Peatlands Restoration and Protection Plan
The peatlands are vital to the battle against climate change, but they are dug up for compost and burned on a regular basis. The facts of the impact this treatment of the peatlands has on the environment can no longer be ignored. With that, plans have recently been announced by the government to restore and protect the peatlands with the Peat Action Plan.
With budget announcements that were made in 2020, encouraging news came in the form of a budget plan for the restoration and protection of the peatlands. Not only does the budget announcement promise to restore the peatlands. But they have also mentioned their intention to plant “enough trees to cover an area the size of Birmingham”. Additionally, there is the intention to provide more funding in order to protect the animals and plant life unique to the UK.
Chancellor Rishi Sunak had announced in 2020 the government’s intention to restore, expand, and protect the woodlands and peat bogs. This will be done with a dedicated budget of £640 million named the Nature for Climate Fund. Additionally, £25 million will be added by the Nature Recovery Network Fund. This will be to provide additional support for the species and habitats in areas undergoing recovery.
On May 18th, 2021, the Peat Action Plan was made public, showcasing the government’s intention to go forward with the peatland recovery process. It is intended as a 25-year Environment Plan with the aim for the peatlands “to meet their Net-Zero contribution.”
Multiple aims have been put in place to achieve the final goal of the Peat Action Plan, including:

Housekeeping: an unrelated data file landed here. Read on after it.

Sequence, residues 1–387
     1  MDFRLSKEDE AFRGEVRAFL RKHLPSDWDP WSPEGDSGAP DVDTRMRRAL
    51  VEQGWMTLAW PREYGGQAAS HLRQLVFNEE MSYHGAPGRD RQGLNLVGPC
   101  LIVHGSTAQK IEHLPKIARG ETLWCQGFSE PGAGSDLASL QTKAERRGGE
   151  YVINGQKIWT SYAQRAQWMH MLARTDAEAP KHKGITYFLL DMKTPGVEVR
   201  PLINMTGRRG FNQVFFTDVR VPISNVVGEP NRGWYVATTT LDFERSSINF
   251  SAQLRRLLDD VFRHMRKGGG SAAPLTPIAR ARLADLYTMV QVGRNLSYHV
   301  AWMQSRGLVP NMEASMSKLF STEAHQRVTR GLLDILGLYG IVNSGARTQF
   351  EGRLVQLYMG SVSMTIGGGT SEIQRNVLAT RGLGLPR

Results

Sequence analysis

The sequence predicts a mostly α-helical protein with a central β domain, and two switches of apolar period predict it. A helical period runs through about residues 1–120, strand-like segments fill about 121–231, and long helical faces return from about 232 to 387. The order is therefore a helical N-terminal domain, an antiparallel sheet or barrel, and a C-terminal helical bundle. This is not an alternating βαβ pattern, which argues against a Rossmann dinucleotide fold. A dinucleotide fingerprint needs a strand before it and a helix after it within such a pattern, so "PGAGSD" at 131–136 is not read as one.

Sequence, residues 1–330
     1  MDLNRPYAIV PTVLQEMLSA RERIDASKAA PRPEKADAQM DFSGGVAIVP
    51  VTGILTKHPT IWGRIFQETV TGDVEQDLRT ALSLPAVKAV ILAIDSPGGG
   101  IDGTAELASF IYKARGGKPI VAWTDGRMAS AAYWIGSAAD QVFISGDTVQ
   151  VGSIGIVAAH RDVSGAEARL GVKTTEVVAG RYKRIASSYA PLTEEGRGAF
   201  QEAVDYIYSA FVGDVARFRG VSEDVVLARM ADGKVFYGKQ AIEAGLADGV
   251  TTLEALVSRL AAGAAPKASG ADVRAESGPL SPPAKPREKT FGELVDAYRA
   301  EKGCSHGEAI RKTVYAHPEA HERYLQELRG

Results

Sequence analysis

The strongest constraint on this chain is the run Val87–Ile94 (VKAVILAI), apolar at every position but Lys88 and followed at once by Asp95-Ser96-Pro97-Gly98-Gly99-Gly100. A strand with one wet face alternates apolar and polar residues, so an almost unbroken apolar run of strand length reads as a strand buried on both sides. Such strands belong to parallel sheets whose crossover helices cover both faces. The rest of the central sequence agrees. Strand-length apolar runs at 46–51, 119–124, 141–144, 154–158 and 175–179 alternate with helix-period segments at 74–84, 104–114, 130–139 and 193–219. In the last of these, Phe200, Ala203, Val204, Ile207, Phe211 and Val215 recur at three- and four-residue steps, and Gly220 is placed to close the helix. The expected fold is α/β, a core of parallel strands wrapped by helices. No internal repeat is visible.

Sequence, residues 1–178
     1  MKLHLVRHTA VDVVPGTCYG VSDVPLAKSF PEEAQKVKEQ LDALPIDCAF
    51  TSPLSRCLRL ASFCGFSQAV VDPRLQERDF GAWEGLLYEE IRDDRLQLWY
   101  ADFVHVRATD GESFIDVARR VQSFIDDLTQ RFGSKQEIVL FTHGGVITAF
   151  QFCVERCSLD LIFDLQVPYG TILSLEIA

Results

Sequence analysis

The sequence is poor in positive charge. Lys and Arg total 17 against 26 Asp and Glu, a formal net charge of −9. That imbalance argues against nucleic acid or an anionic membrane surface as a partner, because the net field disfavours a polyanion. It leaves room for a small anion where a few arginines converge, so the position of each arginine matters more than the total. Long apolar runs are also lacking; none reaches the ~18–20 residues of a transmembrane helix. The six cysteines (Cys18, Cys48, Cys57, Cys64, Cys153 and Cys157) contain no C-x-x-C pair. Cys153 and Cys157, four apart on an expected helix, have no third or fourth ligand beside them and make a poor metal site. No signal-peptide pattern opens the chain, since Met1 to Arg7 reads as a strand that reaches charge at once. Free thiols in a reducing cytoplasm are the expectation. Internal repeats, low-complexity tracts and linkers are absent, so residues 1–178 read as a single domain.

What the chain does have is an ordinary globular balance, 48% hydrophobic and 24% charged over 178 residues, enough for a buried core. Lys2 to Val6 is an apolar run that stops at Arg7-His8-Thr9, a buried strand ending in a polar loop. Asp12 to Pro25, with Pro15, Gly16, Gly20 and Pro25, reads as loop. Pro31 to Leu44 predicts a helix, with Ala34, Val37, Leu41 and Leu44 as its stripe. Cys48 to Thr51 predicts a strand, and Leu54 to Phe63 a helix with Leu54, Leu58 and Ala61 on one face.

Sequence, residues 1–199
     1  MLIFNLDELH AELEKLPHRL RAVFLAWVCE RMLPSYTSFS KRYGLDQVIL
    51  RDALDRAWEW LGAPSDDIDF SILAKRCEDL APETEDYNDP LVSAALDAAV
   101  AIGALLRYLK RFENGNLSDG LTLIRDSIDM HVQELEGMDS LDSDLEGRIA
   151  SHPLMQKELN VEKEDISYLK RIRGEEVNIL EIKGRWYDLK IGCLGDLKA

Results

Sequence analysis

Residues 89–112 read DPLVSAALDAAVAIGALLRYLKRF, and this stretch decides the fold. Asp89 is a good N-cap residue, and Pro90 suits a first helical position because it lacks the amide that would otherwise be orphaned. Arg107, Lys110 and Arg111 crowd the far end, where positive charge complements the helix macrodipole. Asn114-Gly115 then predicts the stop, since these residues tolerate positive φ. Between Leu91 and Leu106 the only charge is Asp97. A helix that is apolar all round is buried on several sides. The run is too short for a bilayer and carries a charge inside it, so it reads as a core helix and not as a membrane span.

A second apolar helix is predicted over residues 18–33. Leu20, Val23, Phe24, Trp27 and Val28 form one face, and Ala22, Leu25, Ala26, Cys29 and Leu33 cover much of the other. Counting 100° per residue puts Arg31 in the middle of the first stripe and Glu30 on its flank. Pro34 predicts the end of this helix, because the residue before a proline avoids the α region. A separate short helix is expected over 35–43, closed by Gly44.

- Developing an up-to-date and detailed peatlands map as a clear base, to begin with.
- The funding of restoring 35,000 hectares of peatlands by 2025.
- Working with the Lowland Agricultural Peat Task Force to put together recommendations for creating a more sustainable future for the peatlands by summer 2022.
- The plan to publish consultations. in 2021, regarding banning the sale of peat, as well as products that contain peat.
- The phasing out of managed burning in order to protect the peatlands and reduce wildfire risks.
They have also broken down what they hope to achieve with the above aims:
- Secure the peatlands carbon store by 2050 in order to meet their Net Zero contributions.
- Improve water quality and deliver natural flood management.
- encourage and drive investment into the peatland restoration plan.
- Fully restore and continually protect the peatlands in order to create a rich, well-functioning ecosystem.
As well as listing their future goals for the peatlands:
- The aim for all English soils to be sustainably managed by 2030.
- By 2042, 75% of Sites of Special Scientific Interest should be in favourable condition.
- 500,000 hectares of wildlife-rich habitat should be restored or created.
This plan is both encouraging and exciting for the future of the environment, turning heads throughout the environmental activist community. The Peat Action Plan intends to work towards creating a generation of humans that “leave the natural environment in a better state than we found it.” Let us hope it is as successful as intended and that the peatlands are back to their former glory in 25 years.